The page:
6. Add-ons such as screened porches, carports and garages generally performed very poorly across all age groups of construction. In most instances, the connections of these add-ons failed, resulting in damage to the home. Aluminum roofing from add-on construction was a common source of wind-borne debris.”
Ron D’Ambra, with Professional Warranty Service Corporation, told us that, “I think the article should also emphasize the need for properly attaching any addition to any home, with proper permits and testing and/or engineering supporting documents, to assure the addition does not effect the integrity of the home.” D’Ambra praised the manufactured home, because it well out-performed its design standards.
A video was posted on ManufacturedHomeLivingNews a year ago about a manufactured home that survived a tornado and was later tested under high sustained winds.
While rare tornadoes, such as the one that devastated Moore, OK May 20, 2013,
stay on the ground for 30 minutes, most are on the ground for about 7 minutes.
A house may be in the wash of a tornado for 30 seconds or less. Subjecting a
house to a 30 minute test is well beyond all norms. The photo
above is a still from the video on the page linked below. That MH also survived that test.
That earlier video linked above resulted in literally hundreds of comments shared. Some frankly questioned the reliability of the information shown in the linked video, but this latest IBHS report shown on NBC’s Today Show dovetails nicely with the facts presented.
Here are sample comments from those who viewed the video.
Catherine Collingwood wrote,“To all those calling BS: I SURVIVED an EF2 passing within 100 feet of a 1992 model singlewide. It hit in the middle of the night and I was asleep, by the time I woke up and realized what was happening there was no time to do anything other than roll off the bed away from the windows. I was not in a trailer park; I was on a private lot with the home installed on top of a hill. The damage? It severed our cable TV connection and cracked a couple of windows.
A few years later I was living in a 1998 model singlewide when Hurricane Floyd hit; this time in a park but I was away from the flooding. I evacuated the home and stayed the night in a shelter. The next morning, after a thorough inspection, the only damage found was blown-out underskirting. Oh, and due to 72 hours without power I lost the entire contents of my refrigerator.
In both cases, the total cost of the repairs were so low that I didn’t even bother to file an insurance claim. In fact, in the second case, I didn’t even hit my deductible.”
Rebbeca Cox wrote, “Watching the video, I never heard you try to claim that a manufactured house was SAFE in a tornado, just that they are SAFER than they used to be, and that they may even be as safe as site-built houses.” And “It is nice to hear that they have improved so much in recent years.”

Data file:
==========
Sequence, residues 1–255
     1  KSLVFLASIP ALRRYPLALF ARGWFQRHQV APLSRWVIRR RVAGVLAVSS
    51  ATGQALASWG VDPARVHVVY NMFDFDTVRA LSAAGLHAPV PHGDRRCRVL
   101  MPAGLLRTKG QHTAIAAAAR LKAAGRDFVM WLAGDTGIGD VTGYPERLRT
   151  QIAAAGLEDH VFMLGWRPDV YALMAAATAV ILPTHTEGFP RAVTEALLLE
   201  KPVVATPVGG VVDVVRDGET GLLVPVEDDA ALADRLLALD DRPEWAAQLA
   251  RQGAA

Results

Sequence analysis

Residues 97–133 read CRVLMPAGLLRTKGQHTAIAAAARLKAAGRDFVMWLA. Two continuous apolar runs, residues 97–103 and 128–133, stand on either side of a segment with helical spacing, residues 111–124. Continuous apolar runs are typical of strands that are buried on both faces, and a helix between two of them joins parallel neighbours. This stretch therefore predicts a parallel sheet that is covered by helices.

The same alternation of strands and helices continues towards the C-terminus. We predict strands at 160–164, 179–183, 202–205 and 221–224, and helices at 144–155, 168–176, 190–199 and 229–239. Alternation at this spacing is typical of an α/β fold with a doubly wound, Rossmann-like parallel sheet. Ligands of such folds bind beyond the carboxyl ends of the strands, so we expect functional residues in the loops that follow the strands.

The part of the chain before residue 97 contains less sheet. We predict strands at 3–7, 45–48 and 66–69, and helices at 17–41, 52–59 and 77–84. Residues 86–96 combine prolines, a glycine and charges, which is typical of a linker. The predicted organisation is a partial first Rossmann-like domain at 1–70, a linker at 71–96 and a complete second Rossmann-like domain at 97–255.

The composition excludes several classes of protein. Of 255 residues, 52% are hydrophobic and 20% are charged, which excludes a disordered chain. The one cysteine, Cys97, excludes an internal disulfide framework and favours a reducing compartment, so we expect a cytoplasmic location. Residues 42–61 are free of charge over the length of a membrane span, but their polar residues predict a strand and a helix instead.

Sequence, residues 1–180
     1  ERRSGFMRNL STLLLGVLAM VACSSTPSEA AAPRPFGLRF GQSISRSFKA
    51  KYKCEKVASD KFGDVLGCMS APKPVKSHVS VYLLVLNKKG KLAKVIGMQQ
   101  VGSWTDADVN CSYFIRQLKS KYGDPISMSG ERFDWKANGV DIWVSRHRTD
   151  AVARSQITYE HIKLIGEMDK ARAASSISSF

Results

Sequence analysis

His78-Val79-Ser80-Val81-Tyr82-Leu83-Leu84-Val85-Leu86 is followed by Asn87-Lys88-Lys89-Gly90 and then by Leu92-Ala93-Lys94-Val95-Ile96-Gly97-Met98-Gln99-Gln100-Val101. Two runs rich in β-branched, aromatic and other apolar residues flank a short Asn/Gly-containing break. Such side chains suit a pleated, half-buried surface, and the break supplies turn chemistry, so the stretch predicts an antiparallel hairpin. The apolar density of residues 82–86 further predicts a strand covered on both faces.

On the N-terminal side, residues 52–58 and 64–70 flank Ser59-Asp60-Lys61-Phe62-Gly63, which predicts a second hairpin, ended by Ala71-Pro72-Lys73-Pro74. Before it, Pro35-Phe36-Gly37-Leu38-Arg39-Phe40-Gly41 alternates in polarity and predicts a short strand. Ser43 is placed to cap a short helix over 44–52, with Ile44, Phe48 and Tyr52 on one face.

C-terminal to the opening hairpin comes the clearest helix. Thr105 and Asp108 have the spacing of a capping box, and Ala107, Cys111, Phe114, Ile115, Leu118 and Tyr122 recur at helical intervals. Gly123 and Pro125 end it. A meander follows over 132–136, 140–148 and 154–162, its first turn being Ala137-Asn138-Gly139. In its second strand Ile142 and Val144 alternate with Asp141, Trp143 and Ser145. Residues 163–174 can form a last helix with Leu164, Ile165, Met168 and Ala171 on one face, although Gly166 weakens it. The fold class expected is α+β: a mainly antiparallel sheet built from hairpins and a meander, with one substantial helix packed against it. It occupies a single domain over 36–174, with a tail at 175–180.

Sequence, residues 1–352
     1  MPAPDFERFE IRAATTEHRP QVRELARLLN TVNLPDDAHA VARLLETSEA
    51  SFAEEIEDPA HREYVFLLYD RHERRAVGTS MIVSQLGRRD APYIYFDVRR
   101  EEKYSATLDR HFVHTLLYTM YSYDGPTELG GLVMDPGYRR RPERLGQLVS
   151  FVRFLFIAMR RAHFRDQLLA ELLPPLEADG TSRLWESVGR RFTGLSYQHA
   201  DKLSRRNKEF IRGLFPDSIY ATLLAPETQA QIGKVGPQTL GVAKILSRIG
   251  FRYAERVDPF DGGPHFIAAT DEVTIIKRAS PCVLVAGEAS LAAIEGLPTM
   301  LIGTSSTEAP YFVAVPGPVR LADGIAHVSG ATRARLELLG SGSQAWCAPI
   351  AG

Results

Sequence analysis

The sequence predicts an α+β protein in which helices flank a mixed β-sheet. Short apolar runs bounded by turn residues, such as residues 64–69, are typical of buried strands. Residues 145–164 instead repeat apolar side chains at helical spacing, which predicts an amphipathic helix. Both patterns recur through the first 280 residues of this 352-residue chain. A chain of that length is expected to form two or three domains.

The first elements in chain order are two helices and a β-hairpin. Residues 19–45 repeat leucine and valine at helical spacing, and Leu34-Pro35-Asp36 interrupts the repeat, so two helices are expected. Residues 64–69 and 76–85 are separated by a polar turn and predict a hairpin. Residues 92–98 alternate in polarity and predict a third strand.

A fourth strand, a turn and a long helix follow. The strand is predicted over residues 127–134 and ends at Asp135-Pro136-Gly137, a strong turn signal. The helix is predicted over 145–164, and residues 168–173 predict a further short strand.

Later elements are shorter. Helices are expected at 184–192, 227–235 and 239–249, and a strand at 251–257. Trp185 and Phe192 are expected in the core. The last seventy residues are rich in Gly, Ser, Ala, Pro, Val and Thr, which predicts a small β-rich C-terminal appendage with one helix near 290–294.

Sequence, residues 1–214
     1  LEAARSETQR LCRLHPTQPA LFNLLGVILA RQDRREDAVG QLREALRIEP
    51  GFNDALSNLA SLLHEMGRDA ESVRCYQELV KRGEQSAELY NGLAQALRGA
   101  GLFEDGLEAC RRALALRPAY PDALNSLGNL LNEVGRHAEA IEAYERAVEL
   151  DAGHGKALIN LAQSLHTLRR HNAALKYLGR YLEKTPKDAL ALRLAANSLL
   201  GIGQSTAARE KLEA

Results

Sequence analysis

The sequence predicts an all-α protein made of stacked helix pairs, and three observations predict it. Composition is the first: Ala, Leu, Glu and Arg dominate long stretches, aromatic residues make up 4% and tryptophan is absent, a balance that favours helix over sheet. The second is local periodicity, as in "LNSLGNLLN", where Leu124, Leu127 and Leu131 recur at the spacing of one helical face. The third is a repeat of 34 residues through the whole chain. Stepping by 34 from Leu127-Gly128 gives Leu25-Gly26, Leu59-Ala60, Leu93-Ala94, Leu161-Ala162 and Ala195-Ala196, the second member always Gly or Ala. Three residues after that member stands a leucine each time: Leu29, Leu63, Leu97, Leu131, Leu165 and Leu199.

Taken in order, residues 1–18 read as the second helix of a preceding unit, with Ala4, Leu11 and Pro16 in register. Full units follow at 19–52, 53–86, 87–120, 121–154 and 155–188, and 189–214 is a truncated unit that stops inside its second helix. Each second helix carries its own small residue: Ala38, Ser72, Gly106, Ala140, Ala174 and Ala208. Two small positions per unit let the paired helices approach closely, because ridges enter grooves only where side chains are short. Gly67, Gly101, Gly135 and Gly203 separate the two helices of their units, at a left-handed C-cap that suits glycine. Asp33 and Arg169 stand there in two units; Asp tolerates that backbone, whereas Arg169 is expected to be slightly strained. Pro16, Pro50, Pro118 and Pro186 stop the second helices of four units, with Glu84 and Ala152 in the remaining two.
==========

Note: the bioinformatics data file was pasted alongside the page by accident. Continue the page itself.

Such unsolicited comments lead up to the one received from Colt Miller, who stated…”the point isn’t that you will be safer in a MH versus a stick built during a hurricane or tornado. The point is for 33% average less across the board you can build a home to the same code or better than a stick built…” meaning, on-site built house.
For those who may wonder if additional anchoring to their existing manufactured home may be useful, a third party study commissioned by the Federal Emergency Management Administration (FEMA) regarding the effectiveness of additional anchoring. The 26 page FEMA document stated that, “No structure in the sample for which retrofit tie down anchors were provided, appeared to be damaged due to anchor failure.” While no home is immune to storm damage – and as FEMA’s report clearly expressed, damage to studied homes was done – proper installation and “anchoring” is useful and an effective protection for the home and its occupants.
Jennison told MHLivingNews.com that, “It should be noted that IBHS’s stated test objective was broader than simply developing mitigation measures for strengthening carports and attached structures. According to the test material: ”A secondary objective was to demonstrate the superior performance of manufactured homes built to HUD-Code Zone III standards.” Yet following the test, the director of the IBHS told the crowd how impressed she was at the performance of the Zone I home itself.”
America faces high demand for quality, affordable homes. Modern manufactured housing (MH) offers that to millions, for some 25-50% less than conventional costs, depending on region and type of home selected, according to figures compiled by the U.S. Census Bureau. MH is often is often similar or lower than apartment rent.
Home shoppers, investors, public officials, not-for-profits and the media are taking a second look at manufactured homes for good reasons. The rising new manufactured home sales levels over the past 4 years suggests tens of thousands every year like the value they see. ##